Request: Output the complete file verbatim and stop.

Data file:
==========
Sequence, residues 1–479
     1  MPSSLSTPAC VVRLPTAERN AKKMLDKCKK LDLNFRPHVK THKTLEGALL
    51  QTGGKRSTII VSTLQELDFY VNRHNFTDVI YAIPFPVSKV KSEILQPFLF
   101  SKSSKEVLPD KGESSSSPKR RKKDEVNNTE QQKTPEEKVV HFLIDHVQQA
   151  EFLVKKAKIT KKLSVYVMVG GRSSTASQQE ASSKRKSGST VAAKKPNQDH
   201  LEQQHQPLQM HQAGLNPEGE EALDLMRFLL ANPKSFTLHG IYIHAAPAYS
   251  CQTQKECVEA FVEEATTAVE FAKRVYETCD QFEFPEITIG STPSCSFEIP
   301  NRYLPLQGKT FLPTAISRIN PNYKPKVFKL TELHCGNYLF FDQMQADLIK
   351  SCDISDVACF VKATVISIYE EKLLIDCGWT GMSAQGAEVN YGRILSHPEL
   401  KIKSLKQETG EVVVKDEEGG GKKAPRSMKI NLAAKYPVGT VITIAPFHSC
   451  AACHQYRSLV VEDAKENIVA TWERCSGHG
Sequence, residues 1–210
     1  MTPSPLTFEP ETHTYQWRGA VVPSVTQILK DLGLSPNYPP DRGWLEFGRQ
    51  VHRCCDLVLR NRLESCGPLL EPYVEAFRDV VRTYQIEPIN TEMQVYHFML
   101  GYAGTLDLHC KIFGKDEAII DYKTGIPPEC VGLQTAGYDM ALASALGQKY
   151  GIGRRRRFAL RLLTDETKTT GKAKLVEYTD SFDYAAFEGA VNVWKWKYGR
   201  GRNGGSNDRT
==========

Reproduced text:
Sequence, residues 1–479
     1  MPSSLSTPAC VVRLPTAERN AKKMLDKCKK LDLNFRPHVK THKTLEGALL
    51  QTGGKRSTII VSTLQELDFY VNRHNFTDVI YAIPFPVSKV KSEILQPFLF
   101  SKSSKEVLPD KGESSSSPKR RKKDEVNNTE QQKTPEEKVV HFLIDHVQQA
   151  EFLVKKAKIT KKLSVYVMVG GRSSTASQQE ASSKRKSGST VAAKKPNQDH
   201  LEQQHQPLQM HQAGLNPEGE EALDLMRFLL ANPKSFTLHG IYIHAAPAYS
   251  CQTQKECVEA FVEEATTAVE FAKRVYETCD QFEFPEITIG STPSCSFEIP
   301  NRYLPLQGKT FLPTAISRIN PNYKPKVFKL TELHCGNYLF FDQMQADLIK
   351  SCDISDVACF VKATVISIYE EKLLIDCGWT GMSAQGAEVN YGRILSHPEL
   401  KIKSLKQETG EVVVKDEEGG GKKAPRSMKI NLAAKYPVGT VITIAPFHSC
   451  AACHQYRSLV VEDAKENIVA TWERCSGHG
Sequence, residues 1–210
     1  MTPSPLTFEP ETHTYQWRGA VVPSVTQILK DLGLSPNYPP DRGWLEFGRQ
    51  VHRCCDLVLR NRLESCGPLL EPYVEAFRDV VRTYQIEPIN TEMQVYHFML
   101  GYAGTLDLHC KIFGKDEAII DYKTGIPPEC VGLQTAGYDM ALASALGQKY
   151  GIGRRRRFAL RLLTDETKTT GKAKLVEYTD SFDYAAFEGA VNVWKWKYGR
   201  GRNGGSNDRT